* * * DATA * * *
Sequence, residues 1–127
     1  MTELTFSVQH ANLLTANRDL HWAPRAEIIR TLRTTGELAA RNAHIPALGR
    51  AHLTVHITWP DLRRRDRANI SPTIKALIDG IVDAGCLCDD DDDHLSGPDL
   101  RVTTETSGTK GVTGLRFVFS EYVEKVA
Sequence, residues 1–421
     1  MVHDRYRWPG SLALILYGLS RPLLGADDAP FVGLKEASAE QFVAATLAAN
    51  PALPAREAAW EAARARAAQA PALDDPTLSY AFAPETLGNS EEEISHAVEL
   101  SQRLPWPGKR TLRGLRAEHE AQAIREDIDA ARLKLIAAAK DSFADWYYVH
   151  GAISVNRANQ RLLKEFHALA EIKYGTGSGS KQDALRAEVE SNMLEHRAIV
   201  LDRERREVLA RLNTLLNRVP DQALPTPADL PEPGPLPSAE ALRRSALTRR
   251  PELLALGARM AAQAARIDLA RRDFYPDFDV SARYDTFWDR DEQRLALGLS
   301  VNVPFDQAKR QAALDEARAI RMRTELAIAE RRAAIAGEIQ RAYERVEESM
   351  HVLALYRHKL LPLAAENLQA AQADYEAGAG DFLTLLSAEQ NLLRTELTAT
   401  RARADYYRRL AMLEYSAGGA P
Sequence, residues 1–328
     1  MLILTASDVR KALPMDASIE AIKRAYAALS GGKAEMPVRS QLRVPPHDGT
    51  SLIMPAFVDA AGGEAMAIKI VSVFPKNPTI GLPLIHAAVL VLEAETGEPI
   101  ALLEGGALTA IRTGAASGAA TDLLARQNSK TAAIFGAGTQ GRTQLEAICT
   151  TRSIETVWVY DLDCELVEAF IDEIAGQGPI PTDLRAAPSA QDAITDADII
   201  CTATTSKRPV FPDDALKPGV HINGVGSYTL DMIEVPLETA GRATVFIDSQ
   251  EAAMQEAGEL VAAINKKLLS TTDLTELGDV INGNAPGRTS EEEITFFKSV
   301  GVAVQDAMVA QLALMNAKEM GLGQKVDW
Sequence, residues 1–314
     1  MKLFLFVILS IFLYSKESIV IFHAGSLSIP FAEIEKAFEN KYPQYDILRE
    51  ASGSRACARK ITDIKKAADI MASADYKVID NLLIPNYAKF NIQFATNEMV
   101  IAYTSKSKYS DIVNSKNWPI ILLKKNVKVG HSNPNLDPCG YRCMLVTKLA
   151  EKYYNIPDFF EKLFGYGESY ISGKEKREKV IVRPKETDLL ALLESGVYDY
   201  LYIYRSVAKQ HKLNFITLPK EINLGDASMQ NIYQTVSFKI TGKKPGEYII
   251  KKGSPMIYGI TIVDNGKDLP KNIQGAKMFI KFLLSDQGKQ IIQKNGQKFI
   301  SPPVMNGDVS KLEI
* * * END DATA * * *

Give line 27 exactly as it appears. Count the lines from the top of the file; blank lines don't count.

   151  EKYYNIPDFF EKLFGYGESY ISGKEKREKV IVRPKETDLL ALLESGVYDY